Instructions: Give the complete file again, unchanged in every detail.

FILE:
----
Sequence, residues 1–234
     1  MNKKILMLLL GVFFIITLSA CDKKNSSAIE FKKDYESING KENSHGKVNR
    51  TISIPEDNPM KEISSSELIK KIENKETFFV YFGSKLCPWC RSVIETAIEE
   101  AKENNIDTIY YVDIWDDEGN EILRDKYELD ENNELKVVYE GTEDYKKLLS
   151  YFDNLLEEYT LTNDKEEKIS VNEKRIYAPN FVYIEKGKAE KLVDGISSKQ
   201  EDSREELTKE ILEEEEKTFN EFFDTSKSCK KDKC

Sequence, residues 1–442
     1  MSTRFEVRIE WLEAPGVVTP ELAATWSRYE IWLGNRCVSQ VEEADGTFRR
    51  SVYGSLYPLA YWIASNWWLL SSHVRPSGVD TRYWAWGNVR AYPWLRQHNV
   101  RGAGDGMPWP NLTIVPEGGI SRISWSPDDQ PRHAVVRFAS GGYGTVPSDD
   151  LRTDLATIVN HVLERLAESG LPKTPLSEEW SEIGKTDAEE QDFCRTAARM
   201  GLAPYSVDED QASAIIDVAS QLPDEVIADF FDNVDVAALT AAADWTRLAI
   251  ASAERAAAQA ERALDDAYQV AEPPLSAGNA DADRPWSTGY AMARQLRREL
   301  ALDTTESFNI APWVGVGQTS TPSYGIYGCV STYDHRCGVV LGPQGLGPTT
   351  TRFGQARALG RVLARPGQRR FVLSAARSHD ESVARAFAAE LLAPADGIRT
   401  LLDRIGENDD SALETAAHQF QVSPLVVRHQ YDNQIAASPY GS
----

Sequence, residues 1–234
     1  MNKKILMLLL GVFFIITLSA CDKKNSSAIE FKKDYESING KENSHGKVNR
    51  TISIPEDNPM KEISSSELIK KIENKETFFV YFGSKLCPWC RSVIETAIEE
   101  AKENNIDTIY YVDIWDDEGN EILRDKYELD ENNELKVVYE GTEDYKKLLS
   151  YFDNLLEEYT LTNDKEEKIS VNEKRIYAPN FVYIEKGKAE KLVDGISSKQ
   201  EDSREELTKE ILEEEEKTFN EFFDTSKSCK KDKC

Sequence, residues 1–442
     1  MSTRFEVRIE WLEAPGVVTP ELAATWSRYE IWLGNRCVSQ VEEADGTFRR
    51  SVYGSLYPLA YWIASNWWLL SSHVRPSGVD TRYWAWGNVR AYPWLRQHNV
   101  RGAGDGMPWP NLTIVPEGGI SRISWSPDDQ PRHAVVRFAS GGYGTVPSDD
   151  LRTDLATIVN HVLERLAESG LPKTPLSEEW SEIGKTDAEE QDFCRTAARM
   201  GLAPYSVDED QASAIIDVAS QLPDEVIADF FDNVDVAALT AAADWTRLAI
   251  ASAERAAAQA ERALDDAYQV AEPPLSAGNA DADRPWSTGY AMARQLRREL
   301  ALDTTESFNI APWVGVGQTS TPSYGIYGCV STYDHRCGVV LGPQGLGPTT
   351  TRFGQARALG RVLARPGQRR FVLSAARSHD ESVARAFAAE LLAPADGIRT
   401  LLDRIGENDD SALETAAHQF QVSPLVVRHQ YDNQIAASPY GS